Boduhela and Jesuhela:
a Conflict in the Hela Heritage?
by Victor Gunasekara
The Hela movement is a relatively late development in neo-Sinhala
commencing only in the twentieth century. By this time the neo-Sinhala
movement was several centuries old and had branched off in several
directions. To appreciate the broader neo-Sinhala movement and the
subsequent Hela development we have to place them in the broad context
of the decline of the Sinhalas during the last few centuries. One
of the main divisions between the Helas of today is between the Buddhist
helas (whom I will refer to as Boduhelas) and the Christian helas
(whom I will refer to as the Jesuhelas) It will be argued that despite
some differences there is a great deal of similarity between the Boduhelas
and the Jesuhelas. Both represent aspects of the decline of classical
Lankan values. Today this decline has brought Lanka into the very
verge of disintegration with anti-national elements poised to exercise
power to an extent even greater than had occurred during the Colonial
We have to date the emergence of the neo-Sinhala mentality to the
early sixteenth century, which coincides with the arrival of the Portuguese
in Lanka. The most distinguishing characteristics of the neo-Sinhalas,
and the one they differed greatly from the classical Sinhalas, is
their racism. The Buddhist philosophy which nurtured the classical
Sinhalas, and indeed all Lankans in ancient times, was essentially
non-racist, cosmopolitan, non-xenophobic and international. However
racism was endemic to the European conquerors who invaded Lanka and
other Asian countries. Most of the European wars before the period
of colonization were largely ethnic wars inspired by racial considerations.
Christianity which became the religion of Europe was in its inception
in the Judaic religion (which Jesus never repudiated) was essentially
a racist religion of the "chosen people". When Christianity
spread to the Gentiles the "chosen people" came to be identified
with Christians. This did not detract from its racist character even
though it was a religion-based "racism" that we have to
speak of rather than a strictly ethnic-based one.
In the colonial era the Europeans carried their deadly mixture of
racism and religionism into the colonized areas. Of all the colonized
people, who had a developed civilization before colonization, it was
with the neo-Sinhalas that the Western colonialists had their greatest
success. The proportion of Sinhalas who absorbed the Christian religion
was greater than that of any of any other subjugated nation with a
civilized history. In the early period of Portuguese rule many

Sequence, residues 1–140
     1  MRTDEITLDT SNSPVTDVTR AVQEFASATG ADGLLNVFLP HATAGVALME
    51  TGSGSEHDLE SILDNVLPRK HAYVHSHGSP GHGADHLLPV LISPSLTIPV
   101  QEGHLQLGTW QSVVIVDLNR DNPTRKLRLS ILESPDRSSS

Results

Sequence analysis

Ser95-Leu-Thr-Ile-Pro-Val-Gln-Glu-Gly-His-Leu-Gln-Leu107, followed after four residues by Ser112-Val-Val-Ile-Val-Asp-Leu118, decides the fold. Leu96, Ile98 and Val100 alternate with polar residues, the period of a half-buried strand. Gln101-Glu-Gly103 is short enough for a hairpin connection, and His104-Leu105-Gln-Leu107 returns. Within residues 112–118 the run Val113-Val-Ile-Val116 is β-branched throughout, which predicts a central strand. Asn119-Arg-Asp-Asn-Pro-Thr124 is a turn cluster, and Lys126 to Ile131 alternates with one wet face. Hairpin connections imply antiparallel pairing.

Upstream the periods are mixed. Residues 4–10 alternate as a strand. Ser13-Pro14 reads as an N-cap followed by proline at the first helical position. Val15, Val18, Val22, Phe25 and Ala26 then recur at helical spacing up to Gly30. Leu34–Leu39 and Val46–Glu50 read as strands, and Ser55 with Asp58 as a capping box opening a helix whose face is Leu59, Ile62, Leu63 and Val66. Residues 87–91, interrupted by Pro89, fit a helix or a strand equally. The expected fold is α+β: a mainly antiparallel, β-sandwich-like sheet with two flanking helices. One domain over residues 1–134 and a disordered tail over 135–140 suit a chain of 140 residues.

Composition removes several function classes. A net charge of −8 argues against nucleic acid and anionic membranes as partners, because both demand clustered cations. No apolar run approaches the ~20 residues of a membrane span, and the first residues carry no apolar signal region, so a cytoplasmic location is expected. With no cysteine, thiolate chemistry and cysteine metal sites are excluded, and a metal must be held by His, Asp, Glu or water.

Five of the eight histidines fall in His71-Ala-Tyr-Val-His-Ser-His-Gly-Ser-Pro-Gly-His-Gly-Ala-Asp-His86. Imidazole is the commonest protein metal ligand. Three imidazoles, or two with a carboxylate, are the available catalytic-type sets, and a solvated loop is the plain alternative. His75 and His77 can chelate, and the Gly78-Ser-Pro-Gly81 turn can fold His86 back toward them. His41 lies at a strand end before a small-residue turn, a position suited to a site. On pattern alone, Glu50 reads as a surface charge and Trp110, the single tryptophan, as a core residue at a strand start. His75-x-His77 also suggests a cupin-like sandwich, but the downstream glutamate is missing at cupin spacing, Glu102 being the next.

of the Sinhala aristocrats converted to Catholicism and thus joined
the "chosen" people. At this time the bulk of the ordinary
Sinhalas still maintained their classical values. However with the
expansion of the class of affluent Sinhalas the neo-Sinhala mentality
began its inexorable spread to more and more sections of the Sinhalas.
In this early period the neo-Sinhala ideology was adopted almost exclusively
by the converted Sinhala Christians. We can consider them the true
progenitors of the Jesuhelas of today. But before long the Boduhelas
too absorbed many of their values though not strictly converting to
Christianity. Instead they vulgarized Buddhism obliterating some of
its fundamental differences with Christianity.
The Notion of Hela
We might begin by enquiring why the helas came to adopt this name. There
is absolutely no etymological basis for this appellation. Many people
think that it is an abbreviation of 'Sinhala' by taking only the last
two syllables of this word. However this makes no sense. 'Sinhala' itself
is itself a compaction of two words 'Sinha' and 'le' meaning 'lion'
and 'killing', so meaning the 'killer of the lion'. This is an allusion
to the legend of Vijayabahu the parricide who killed the lion who allegedly
sired him. There is no etymological sense in taking the last syllable
of 'sinha' and combining it with a different verbal noun.
Some people think that Hela comes from the word 'elu' which has sometimes
been used to denote a vernacular derived from the classical Sinhala
language. The Sinhala language owed much to Sanskrit, Pali and other
Indian languages and 'elu' was an attempt to weed the Sinhala language
of sanskritisms. However this linguistic reform did not produce a
great literature comparable to the classical Sinhala. If Hela is indeed